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I am working on a project that modifies part of the Android OS, and when I tried to implement a new system call to return the status of all the processes, I encountered the following error:

kernel/sys.c: error: array tpye has incomplete element type. 

What I did in sys.c is the following:

/***previous code in sys.c***/

SYSCALL_DEFINE2(new_syscall, struct info __user*, buf, int __user*, nr){
if(!buf || !nr) return -EINVAL;

int nr_copy;
int success;

success = copy_from_user(&nr_copy, nr, sizeof(int));
if(success == 0) return -EINVAL;
if(nr_copy < 1) return -EINVAL;

struct info buf_copy[nr_copy];  /*************

return 0;

Complier complained about the line marked with stars.

My info.h file looks like this:

    #ifndef __LINUX_INFO_H
    #define __LINUX_INFO_H

    struct info {
        long state;         
    pid_t pid;          
    pid_t parent_pid;       


I tried including the info.h in sys.c, but it didn't help at all. Can anyone provide me some directions on what I should look into?


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2 Answers 2

up vote 2 down vote accepted

What compiler are you using? Dynamically sized arrays are a newish C feature that might not be supported. OTOH, they are allocated on the stack, and that is a very scarce commodity in-kernel. You should allocate memory for the array via kmalloc or one of its ilk.

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It's not dynamically allocated array, it's a fixed size array of length nr_copy. Good point for kmalloc –  turtlesoup Feb 5 '13 at 3:56
@user1926344, you are getting the size for the array the line above it's definition, unless my kernel-C is way off by now... –  vonbrand Feb 5 '13 at 4:03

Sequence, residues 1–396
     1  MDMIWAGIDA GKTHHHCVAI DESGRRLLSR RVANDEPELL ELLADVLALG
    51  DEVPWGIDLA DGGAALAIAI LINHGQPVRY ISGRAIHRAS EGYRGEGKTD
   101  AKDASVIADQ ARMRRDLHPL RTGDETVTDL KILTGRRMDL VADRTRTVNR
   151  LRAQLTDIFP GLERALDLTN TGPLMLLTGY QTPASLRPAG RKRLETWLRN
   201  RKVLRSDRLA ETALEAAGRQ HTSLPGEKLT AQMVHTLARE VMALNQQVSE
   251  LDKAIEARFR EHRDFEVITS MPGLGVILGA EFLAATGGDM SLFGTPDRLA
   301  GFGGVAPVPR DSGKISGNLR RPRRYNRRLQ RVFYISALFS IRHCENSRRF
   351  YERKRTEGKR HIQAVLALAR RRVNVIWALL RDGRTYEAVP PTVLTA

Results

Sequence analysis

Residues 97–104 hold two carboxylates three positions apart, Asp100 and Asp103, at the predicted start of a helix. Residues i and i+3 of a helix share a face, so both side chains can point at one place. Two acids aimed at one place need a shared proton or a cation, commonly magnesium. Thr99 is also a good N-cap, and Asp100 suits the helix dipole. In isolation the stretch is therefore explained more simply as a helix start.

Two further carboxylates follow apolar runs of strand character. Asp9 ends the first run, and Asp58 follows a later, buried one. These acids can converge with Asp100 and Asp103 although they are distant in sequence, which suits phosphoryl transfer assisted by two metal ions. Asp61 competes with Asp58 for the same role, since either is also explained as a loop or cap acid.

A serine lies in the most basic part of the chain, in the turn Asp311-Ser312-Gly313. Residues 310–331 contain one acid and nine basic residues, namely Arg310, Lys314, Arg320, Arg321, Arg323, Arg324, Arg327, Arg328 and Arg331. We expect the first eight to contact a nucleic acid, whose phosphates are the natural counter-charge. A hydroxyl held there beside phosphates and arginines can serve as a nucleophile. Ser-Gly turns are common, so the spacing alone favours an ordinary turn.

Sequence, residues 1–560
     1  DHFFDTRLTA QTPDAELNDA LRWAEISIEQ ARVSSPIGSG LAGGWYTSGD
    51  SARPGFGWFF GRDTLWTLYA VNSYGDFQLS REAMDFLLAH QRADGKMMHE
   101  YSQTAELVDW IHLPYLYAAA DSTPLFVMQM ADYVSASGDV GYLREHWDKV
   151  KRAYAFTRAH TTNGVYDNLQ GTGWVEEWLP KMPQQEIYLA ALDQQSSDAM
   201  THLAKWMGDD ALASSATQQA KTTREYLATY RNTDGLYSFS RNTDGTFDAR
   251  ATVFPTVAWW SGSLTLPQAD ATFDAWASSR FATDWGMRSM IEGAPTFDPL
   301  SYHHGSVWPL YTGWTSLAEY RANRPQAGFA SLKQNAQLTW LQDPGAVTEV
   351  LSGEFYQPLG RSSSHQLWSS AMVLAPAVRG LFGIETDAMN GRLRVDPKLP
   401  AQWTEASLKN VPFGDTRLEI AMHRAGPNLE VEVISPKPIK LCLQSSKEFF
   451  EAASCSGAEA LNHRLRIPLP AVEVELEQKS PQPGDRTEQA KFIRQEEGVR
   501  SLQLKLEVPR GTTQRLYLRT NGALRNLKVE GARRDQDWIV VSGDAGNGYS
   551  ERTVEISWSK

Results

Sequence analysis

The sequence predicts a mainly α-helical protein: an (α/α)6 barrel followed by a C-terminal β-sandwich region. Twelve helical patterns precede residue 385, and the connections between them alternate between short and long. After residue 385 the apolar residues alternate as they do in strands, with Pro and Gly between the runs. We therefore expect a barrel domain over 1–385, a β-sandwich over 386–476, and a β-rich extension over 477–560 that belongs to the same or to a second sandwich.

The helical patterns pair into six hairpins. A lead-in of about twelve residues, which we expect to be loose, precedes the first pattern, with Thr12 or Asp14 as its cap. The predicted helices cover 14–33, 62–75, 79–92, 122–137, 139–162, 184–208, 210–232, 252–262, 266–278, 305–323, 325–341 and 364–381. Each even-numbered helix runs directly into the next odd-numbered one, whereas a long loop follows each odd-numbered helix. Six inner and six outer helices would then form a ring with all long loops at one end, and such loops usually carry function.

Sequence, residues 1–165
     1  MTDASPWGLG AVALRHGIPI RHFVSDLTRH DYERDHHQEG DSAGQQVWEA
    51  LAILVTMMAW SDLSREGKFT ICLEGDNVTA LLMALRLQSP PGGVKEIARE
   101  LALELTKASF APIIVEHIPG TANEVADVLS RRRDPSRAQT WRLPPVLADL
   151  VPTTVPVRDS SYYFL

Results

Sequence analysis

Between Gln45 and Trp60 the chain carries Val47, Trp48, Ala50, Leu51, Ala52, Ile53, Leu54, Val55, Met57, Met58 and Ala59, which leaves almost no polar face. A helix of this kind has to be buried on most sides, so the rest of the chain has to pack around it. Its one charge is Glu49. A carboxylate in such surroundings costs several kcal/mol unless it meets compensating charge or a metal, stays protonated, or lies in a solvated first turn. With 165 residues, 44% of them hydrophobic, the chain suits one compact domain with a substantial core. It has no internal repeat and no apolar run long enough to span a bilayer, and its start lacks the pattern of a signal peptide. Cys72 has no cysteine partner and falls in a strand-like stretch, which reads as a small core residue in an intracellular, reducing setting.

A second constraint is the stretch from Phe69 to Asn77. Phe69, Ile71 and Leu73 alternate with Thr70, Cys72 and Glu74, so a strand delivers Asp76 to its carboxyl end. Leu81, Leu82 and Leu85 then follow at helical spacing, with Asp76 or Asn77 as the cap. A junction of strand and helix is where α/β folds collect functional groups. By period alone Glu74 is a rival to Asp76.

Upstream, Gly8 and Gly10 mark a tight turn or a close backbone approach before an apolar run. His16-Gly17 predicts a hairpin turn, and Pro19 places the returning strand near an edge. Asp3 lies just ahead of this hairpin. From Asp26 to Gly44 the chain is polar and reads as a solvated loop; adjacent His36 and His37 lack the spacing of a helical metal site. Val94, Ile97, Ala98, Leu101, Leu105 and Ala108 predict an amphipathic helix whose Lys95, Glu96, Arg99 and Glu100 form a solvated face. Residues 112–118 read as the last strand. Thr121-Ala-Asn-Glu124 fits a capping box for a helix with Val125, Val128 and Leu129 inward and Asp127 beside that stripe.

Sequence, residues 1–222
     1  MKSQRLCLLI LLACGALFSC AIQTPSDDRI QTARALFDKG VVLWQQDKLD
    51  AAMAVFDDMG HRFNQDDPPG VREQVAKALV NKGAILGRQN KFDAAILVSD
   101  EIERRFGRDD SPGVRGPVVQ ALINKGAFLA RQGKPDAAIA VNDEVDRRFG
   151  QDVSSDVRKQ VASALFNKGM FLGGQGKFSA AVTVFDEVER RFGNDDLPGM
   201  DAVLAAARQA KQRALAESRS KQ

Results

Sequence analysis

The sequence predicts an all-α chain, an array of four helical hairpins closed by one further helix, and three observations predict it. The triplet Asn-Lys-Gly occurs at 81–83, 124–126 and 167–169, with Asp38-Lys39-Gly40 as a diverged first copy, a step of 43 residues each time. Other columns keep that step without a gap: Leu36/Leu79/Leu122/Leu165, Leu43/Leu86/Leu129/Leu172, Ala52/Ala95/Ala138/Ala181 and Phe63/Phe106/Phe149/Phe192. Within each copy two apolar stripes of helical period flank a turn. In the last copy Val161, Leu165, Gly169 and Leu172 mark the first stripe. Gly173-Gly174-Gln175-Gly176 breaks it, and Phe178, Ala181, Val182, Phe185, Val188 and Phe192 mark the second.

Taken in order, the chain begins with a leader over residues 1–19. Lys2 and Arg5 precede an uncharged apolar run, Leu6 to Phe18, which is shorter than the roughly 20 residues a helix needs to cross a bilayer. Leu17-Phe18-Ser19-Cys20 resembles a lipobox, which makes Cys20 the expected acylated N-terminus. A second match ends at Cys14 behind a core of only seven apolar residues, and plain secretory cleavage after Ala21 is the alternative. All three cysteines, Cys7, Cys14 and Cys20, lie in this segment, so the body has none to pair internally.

nr_copy is a variable declared as int, so buf_copy[nr_copy] is not a fixed size array at compile time. –  Bob Murphy Feb 5 '13 at 4:15
oh i see the problem now. Thanks! –  turtlesoup Feb 5 '13 at 4:19

Have you tried explicitly declaring state as a long int.

long state; 


long int state;
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There are two __user* pointers. info __user* and int __user* –  rjt Feb 5 '13 at 4:05
Both long state and long int state mean exactly the same thing in C. –  vonbrand Feb 5 '13 at 4:16
@vonbrand, Check that assumption with code. Depends on the hardware AND operating sytem: sizeof(int) on a 286 returns 2 sizeof(int) on a 16bitOS on a 386 returns 2, but 4 on a 32bit OS. sizeof(int) on my x86_64 returns 4, but sizeof(long int) returns 8. –  rjt Feb 5 '13 at 4:22
completely irrelevant. As I said, in C long is exactly the same as long int, if you omit the type it defaults to int (yes, this comes from C's prehistory). –  vonbrand Feb 5 '13 at 4:26
Yes, you are correct. –  rjt Feb 5 '13 at 4:35

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